Eggs, how do I love thee? Let me count the ways. I love thee soft-boiled with some kaya toast dipped into the runny yolk. And scrambled with some herbs and melty cheese. And simply cooked over-medium in melted butter. I love eggs any way, any time of the day. One of my earliest egg-lovin' memories is eating Chinese tea eggs (cha ye dan) as a kid. They are hard boiled eggs (with the shell cracked but still in tact) soaked in a mixture of black tea and spices. When the cracked shell is peeled it reveals the smooth egg with its beautiful marbled “crazing” pattern, a bit reminiscent of those gorgeous Chinese cracked-glazed porcelains.
Tea eggs are a common street snack and even sold in convenience stores in China, Hong Kong and Taiwan. Most recipes will call for steeping eggs in tea and star anise, the pungent licorice-scented spice used in a lot of Chinese cooking. A basic black tea can be used for this recipe or you can even use pu-erh tea for an earthier flavor (although I'm not a big fan of pu-erh). Other ingredients can be added such as mandarin peel or sugar. There are a couple of ways to steep these eggs and I've let mine soak overnight in the mixture instead of simmering them for a few hours over the stove-top, but either method works to flavor the egg white.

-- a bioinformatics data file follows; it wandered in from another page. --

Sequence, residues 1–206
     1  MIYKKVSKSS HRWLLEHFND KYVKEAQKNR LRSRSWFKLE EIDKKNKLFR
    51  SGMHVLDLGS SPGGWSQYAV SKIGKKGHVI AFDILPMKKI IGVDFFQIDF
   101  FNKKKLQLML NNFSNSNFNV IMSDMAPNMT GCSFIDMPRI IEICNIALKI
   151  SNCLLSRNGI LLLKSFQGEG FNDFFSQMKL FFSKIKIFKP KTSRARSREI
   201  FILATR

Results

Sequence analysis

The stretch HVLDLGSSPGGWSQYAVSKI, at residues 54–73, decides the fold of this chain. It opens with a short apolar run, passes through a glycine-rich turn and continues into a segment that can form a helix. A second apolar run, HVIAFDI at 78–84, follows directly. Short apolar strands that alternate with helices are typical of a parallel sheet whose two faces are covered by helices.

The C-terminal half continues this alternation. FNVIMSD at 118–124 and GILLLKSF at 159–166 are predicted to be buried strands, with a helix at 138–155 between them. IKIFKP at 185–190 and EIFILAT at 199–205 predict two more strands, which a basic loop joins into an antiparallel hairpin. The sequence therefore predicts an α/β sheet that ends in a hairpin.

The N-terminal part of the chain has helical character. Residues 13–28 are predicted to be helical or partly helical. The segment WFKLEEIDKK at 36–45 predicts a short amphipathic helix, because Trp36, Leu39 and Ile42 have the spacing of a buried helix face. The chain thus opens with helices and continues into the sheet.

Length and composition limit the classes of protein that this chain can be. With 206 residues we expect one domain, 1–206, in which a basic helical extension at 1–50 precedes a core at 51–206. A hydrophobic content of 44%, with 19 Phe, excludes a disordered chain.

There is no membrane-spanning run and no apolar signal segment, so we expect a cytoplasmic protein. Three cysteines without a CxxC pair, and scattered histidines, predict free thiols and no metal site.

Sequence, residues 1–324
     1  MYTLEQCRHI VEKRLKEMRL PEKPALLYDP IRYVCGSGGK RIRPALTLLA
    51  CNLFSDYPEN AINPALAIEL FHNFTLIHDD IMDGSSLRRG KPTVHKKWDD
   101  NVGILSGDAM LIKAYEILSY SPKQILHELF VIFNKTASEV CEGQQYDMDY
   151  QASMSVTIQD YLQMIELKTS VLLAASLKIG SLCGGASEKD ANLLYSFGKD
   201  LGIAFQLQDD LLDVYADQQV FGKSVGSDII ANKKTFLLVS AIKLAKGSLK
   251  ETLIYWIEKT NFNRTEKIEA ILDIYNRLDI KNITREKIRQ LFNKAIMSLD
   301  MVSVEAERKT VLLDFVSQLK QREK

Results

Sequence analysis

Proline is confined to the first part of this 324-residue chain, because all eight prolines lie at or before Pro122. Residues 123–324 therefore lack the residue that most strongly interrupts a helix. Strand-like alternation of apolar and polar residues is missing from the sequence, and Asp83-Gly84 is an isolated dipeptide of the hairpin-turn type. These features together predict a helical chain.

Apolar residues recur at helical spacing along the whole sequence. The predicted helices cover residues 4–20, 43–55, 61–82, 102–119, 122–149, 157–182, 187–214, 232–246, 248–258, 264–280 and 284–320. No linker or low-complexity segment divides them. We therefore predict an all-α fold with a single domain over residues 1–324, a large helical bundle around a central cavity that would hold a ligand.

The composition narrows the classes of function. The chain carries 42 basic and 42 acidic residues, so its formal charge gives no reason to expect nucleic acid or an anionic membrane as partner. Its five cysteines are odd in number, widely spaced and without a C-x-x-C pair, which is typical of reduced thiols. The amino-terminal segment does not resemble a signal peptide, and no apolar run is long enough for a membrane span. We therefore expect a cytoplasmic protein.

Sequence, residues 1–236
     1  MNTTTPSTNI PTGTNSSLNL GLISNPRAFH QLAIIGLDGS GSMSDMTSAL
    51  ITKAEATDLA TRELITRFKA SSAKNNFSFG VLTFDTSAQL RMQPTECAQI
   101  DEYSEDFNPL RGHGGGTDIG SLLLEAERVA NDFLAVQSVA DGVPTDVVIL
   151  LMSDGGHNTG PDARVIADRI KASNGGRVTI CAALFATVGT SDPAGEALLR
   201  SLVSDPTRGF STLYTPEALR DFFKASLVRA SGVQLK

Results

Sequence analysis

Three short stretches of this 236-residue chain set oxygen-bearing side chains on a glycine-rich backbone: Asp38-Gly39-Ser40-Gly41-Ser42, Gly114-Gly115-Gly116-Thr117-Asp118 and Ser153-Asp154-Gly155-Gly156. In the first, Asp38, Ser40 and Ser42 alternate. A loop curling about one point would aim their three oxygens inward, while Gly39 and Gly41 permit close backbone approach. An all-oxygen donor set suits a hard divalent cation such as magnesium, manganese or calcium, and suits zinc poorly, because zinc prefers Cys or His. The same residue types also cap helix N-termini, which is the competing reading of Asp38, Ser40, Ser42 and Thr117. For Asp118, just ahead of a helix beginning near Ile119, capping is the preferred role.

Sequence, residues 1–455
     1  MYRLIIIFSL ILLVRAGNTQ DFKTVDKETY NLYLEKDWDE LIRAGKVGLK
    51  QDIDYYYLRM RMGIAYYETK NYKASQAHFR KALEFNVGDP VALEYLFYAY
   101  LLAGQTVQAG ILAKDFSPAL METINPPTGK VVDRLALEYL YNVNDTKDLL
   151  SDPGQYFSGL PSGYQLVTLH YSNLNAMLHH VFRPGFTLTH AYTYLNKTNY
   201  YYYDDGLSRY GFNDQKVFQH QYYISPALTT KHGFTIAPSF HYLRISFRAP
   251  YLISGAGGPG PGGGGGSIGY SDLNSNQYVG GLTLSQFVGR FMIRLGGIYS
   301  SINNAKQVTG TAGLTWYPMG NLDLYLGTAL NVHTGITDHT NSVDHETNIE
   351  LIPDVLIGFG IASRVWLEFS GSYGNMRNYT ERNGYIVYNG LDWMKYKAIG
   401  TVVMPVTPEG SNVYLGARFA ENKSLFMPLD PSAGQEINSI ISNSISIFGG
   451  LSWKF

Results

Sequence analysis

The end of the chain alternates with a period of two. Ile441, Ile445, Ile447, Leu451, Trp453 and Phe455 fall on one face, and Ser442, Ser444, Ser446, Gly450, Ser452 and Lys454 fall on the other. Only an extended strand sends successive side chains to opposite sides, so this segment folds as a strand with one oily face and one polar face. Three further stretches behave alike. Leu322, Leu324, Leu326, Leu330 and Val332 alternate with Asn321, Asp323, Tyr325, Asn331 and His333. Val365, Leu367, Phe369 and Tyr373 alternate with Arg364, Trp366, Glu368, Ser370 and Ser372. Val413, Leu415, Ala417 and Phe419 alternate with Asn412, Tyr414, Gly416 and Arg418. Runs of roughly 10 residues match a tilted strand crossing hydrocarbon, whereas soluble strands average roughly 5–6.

- 6 eggs
- 2 bags of black tea
- 4 star anise
- 1 cinnamon stick
- 1/4 cup of soy sauce
Place the eggs in a pot and fill with water until just covered. Bring to a boil and simmer for about 2 minutes. Remove the eggs and lightly crack the eggs all around with the edge of a fork or knife.
Place the eggs back into the pot of water and add the tea bags, spices and soy sauce. Simmer for about 1 hour and let the mixture and eggs cool. Continue steeping the eggs overnight in the refrigerator.
Alternatively, you can simmer the eggs for about 2-3 hours instead of soaking them overnight.
(Ru ware image from here)